The first thing we heard upon arriving at the Roman Baths was “Don’t drink the water!“, which actually seems like pretty obvious advice once you see it; I have a hard time imagining tourists lining up to stick their faces in the pool for a little taste of green, murky ancient history…
But maybe I’m just overly optimistic about other peoples’ common sense?
Apparently it’s not enough to simply refrain from imbibing the water, though. If you want to survive the trip you can’t splash around, or dip your hand in, or really even touch it at all. In fact, don’t even let the fingernail of your little pinky come into contact with it, because that water is deadly!
At least, so we were told.
The actual Roman Baths were built by the Romans (go figure) around 60 CE and used for a couple hundred years, but they fell into disrepair when the Romans marched back toward Rome in 500 CE.
Since that time they’ve spent centuries in an endless loop of being used by the locals and then abandoned, then rediscovered and fixed, then abandoned yet again.
The current building surrounding the Roman Baths dates back to the 18th century, but the bubbling hot springs continue to flow through the original, still-functioning lead pipes.
Yep, LEAD PIPES.
I think we can all agree that while lead may withstand the test of time, it doesn’t exactly pass the health code. So maybe there’s something to their anti-drinking restrictions after all?
But wait, there’s more!
The Roman Baths actually remained in use up until 1979… when a child accidentally swallowed some of the water, and promptly died from amoebic meningitis.
Whoops, just a little deadly amoeba infestation…
If you absolutely can’t bring yourself to visit the Roman Baths without drinking some of the water (don’t bother, it tastes disgusting), then you can visit the Pump Room which draws somewhat-less-deadly, theoretically-drinkable water from the same hot spring as the spas.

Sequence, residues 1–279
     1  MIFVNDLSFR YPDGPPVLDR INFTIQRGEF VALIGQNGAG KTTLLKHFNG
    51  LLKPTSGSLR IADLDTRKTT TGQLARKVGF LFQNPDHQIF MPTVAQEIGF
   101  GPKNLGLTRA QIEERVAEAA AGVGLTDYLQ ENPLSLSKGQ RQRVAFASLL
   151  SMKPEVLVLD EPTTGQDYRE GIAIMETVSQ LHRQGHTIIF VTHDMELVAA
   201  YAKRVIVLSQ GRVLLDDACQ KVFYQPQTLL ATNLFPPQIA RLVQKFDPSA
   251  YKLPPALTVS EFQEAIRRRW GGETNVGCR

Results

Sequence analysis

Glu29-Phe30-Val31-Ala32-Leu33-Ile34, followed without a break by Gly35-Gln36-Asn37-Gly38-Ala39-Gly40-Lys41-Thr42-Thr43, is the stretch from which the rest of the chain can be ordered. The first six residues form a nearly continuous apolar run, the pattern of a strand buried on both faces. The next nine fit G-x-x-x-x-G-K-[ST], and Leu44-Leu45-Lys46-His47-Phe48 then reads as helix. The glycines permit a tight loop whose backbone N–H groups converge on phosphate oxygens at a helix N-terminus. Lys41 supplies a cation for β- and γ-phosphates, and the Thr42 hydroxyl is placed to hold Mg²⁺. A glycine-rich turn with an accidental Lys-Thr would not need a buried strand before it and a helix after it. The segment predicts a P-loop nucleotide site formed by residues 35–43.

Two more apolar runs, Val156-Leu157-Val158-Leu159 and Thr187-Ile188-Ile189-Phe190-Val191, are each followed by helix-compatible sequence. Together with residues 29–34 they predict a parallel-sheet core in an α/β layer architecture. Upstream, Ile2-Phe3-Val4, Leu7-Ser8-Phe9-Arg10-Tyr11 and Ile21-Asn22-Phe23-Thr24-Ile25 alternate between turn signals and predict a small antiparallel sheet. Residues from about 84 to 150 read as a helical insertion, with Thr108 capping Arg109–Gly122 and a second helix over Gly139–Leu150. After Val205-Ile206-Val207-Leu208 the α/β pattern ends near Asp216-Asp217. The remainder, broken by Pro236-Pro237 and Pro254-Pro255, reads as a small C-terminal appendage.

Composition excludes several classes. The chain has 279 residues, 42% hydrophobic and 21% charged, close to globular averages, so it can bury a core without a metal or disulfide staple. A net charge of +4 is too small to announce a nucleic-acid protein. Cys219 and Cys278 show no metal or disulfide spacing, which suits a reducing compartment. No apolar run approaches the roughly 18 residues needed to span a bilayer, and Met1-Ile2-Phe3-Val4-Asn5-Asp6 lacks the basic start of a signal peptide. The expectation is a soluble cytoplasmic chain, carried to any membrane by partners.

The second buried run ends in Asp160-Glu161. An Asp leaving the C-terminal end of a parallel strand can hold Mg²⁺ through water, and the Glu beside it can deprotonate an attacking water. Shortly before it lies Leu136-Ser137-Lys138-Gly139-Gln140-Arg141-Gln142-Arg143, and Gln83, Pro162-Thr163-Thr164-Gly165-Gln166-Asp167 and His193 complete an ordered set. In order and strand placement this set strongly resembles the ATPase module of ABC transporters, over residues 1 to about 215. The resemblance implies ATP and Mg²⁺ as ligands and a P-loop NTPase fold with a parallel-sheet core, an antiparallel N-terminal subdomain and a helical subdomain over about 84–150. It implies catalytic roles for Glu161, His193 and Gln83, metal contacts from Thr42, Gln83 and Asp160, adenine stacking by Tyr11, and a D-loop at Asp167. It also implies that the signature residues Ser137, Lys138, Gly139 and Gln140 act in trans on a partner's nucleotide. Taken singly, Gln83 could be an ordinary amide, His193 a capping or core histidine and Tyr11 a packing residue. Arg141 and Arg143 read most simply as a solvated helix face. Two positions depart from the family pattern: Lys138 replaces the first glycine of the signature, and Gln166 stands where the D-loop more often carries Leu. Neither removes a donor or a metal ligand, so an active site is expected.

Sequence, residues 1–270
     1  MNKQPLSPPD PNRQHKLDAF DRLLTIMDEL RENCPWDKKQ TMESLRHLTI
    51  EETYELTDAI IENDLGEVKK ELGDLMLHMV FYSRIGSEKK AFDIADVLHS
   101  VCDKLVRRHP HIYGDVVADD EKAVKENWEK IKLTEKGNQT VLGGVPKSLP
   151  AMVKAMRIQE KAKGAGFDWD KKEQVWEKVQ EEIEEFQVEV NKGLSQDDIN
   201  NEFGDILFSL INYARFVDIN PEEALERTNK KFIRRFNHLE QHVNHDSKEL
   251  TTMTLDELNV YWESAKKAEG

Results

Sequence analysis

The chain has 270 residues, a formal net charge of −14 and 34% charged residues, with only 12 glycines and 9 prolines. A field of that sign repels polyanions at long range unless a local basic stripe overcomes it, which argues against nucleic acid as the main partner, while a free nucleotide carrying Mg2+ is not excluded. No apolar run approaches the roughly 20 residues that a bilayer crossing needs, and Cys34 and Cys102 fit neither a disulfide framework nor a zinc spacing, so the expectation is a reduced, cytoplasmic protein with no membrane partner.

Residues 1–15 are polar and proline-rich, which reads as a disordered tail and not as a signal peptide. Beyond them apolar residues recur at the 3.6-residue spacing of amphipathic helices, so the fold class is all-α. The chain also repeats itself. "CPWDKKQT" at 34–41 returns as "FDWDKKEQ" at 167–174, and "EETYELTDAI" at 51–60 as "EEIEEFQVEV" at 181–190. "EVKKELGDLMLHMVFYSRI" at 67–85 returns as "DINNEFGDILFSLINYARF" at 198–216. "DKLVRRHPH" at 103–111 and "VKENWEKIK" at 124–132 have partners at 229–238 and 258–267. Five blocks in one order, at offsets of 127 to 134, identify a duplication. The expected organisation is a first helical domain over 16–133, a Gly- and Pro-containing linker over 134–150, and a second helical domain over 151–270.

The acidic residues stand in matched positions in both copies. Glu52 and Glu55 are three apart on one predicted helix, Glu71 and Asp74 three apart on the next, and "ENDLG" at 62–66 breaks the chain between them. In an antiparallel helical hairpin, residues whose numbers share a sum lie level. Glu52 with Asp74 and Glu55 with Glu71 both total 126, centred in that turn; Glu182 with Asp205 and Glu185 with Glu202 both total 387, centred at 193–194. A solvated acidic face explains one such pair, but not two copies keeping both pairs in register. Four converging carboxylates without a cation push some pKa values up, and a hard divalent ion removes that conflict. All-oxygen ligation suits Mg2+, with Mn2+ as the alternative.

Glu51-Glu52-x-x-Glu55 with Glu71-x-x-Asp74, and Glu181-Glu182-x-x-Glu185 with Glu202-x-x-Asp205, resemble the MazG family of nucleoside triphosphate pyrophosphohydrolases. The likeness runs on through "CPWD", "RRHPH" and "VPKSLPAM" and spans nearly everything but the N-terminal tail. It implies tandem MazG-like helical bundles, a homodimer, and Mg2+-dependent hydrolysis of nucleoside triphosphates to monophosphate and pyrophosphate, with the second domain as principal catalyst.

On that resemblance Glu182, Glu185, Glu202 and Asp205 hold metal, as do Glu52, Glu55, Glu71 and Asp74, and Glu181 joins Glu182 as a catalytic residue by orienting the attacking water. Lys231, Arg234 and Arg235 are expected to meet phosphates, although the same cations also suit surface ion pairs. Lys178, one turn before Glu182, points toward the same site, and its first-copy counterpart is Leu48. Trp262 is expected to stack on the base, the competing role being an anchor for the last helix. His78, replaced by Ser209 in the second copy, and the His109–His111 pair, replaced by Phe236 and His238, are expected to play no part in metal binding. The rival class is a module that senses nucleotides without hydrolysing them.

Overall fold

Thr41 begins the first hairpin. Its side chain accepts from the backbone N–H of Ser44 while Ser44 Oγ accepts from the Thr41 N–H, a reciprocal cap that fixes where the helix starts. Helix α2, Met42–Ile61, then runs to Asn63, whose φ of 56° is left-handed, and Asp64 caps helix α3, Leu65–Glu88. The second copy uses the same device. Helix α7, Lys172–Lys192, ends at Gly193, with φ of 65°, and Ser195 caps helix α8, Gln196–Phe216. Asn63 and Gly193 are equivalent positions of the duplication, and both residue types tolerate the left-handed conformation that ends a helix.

It’s really not the same as diving into the main pool, since you can’t brag about marinating your body in the same water used by ancient Romans… but then again you probably won’t die afterwards, so that’s a plus.
When you’re done dancing with death, head outside and look around; there’s so much more to see and do in Bath!
We actually enjoyed our free time wandering around and getting lost even more than our tour of the Bath complex itself. The city is dotted with a number of beautiful grassy fields originally used for grazing sheep… which wasn’t to benefit local farmers so much as to let the rich people residing in the huge apartments above them pretend to be living on their own country estates.
They’re so picturesque and out of place with the rest of the landscape that I was determined to find one, despite having only a few hours to explore before our tour moved on.
We spotted one in the distance and crossed over a lovely bridge to find it, then ended up climbing a steep residential street that lured us along with quick glimpses of green whenever we were about to give up and turn back.
This was as close as we could get… but the journey up that hill was definitely worth it.
Not only did we chat with a bevy of older men playing with intricate toy sailboats in the canal and repeatedly throw a stick for the most adorable border collie ever (well, after Koa, of course), we stumbled on these views of the city.
Want to see more photos of Bath and the surrounding countryside? Check out our Facebook album for England.
NOTE: We visited Bath as part of a complimentary tour from International Friends; read our review of International Friends to learn more about the area.